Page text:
Henry & Co. Brings Youthful Freshness to a Traditional Darien Home
When a young family decamped from Tribeca to Connecticut, they found a house in Darien with loads of traditional charm and equal parts potential. The 1964 Colonial was renovated—badly—in the late ’80s, and the homeowners brought designers Stephanie Woodmansee and Elle Clymer of New York–based Henry & Co. on board to restore its historical charm and fill the space with appropriately scaled furniture, antiques and a family- and entertaining-friendly vibe. “The previous reno of the kitchen and family room area was scary—pink tile floors!” says Woodmansee. “The layout was choppy and kooky with skylights and weird angles. We wanted it to feel more cohesive and tie in the older characteristics of the house.”
After revamping the layout and restoring some charm in the kitchen and family room, the designers were challenged with turning the living spaces into rooms that suited both small children and a crowd when entertaining. Taking a cue from the house’s bones and the client’s classic taste, Woodmansee and Clymer set out to marry the traditional with upbeat colors and a liveable lifestyle. “The client loves blue, but we wanted to incorporate other colors throughout,” notes Clymer. “She trusted us to push the envelope a little bit. We wanted to make sure there was a good balance of bold and traditional.” The designers kicked off their plan with the foyer, where they applied paneling and an acanthus-printed grasscloth to the walls—a major nod to that traditional side—but balanced it with a modern mirror and a funky console painted in a play-it-safe navy to make it more approachable. Says Woodmansee, “We wanted it to read traditional, but with a youthful freshness to it.”
The designers dialed up the personality in the dining room, too, where they applied a bold floral Oscar de la Renta paper on the walls. They opted for a dark green lantern from Coleen & Company instead of a more predictable chandelier; and a round Serena & Lily jute rug brings a whimsical vibe to a room that could have gone formal. An antique George III mahogany sideboard and a round walnut dining table ground the room in tradition. Chairs have a pop of pattern on the backs for just the right amount of playfulness, while the fronts are upholstered in leather. “Leather is just the reality of our clients having young families, and we wanted kids to actually be able to sit at the dining room table,” says Clymer.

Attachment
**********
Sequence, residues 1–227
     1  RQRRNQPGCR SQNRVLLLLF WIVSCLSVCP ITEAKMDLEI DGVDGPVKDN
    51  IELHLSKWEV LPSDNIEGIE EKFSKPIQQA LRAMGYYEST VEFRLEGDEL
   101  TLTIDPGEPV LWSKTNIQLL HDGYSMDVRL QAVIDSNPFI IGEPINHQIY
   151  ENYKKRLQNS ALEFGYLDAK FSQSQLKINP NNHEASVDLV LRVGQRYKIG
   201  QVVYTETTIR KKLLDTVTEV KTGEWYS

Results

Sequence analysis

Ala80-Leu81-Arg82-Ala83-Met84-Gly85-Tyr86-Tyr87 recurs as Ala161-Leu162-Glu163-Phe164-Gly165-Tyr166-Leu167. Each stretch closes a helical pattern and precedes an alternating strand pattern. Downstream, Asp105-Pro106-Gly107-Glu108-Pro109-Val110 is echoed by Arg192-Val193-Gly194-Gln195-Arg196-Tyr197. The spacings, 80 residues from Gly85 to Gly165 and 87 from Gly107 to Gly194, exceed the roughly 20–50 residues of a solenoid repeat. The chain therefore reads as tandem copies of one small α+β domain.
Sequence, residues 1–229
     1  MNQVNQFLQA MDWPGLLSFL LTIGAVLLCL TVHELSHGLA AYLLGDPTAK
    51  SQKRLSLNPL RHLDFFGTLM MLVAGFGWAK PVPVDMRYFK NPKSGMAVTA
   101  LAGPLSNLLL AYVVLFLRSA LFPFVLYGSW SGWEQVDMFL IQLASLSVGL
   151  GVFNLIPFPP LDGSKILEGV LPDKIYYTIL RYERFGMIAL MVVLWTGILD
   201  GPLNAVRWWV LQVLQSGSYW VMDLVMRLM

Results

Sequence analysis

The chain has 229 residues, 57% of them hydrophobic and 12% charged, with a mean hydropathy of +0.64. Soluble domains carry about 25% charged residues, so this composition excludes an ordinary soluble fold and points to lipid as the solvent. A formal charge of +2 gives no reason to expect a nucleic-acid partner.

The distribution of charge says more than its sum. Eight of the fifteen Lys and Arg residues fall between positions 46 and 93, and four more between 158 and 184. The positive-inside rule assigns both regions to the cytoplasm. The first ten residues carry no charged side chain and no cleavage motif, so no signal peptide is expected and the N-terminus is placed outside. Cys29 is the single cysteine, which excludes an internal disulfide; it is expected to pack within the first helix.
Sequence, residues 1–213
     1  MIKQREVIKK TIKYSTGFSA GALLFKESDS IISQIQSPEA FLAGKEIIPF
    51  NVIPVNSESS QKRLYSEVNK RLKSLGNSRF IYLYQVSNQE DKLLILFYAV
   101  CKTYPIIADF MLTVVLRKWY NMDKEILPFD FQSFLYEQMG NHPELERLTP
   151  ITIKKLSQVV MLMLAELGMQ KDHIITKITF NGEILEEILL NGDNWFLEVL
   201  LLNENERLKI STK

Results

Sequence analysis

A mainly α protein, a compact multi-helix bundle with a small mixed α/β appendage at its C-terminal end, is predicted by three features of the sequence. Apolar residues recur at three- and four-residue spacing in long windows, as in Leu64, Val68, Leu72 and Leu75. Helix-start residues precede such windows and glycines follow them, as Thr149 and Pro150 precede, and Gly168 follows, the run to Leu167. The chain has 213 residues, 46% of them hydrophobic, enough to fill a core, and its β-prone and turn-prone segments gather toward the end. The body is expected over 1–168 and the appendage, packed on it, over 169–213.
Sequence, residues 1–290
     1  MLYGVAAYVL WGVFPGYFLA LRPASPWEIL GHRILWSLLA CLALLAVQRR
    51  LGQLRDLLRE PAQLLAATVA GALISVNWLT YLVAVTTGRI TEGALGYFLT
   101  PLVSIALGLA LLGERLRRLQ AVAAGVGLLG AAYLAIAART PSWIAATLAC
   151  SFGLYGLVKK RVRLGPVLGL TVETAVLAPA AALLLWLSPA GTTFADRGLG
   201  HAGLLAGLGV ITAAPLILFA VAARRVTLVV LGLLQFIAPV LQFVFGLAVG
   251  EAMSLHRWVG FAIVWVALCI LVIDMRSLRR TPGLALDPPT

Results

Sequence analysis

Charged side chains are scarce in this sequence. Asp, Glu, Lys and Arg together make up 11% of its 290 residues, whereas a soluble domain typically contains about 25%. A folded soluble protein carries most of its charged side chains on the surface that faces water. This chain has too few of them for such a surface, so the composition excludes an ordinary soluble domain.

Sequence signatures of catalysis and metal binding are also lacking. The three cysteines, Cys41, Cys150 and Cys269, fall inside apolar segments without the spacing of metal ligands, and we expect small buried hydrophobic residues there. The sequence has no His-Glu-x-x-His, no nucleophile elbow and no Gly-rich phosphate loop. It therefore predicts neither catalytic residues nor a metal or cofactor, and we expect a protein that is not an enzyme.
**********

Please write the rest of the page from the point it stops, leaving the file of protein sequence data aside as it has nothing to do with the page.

In the living room, the designers tamed their tendency for bold color and focused on clean lines and textures to create an intimate and cozy setting. “It is a larger space, so we didn’t want it to be overwhelming with color and different values,” says Woodmansee. “It’s a nice, serene break from the rest of the house.” An antique rug in watery blues sets the tone for the room, which is layered with classic furniture upholstered in luxurious textures: velvet, wool and linen. A pair of ceramic oxblood lamps sits on a 17th-century Italian Baroque trestle table in a dark walnut finish. “We had an opportunity to incorporate antiques and take a more traditional approach to interiors,” says Woodmansee. “This was a different experience for us.” The result, adds Clymer: “When you walk in, it doesn’t feel like a house that a decorator quickly furnished. The pieces look like they have been added over time versus feeling more contrived. It feels like a home—lived in and loved.”
A version of this article appeared in the February 2017 issue of CTC&G (Connecticut Cottages & Gardens) with the headline: Designed for Living.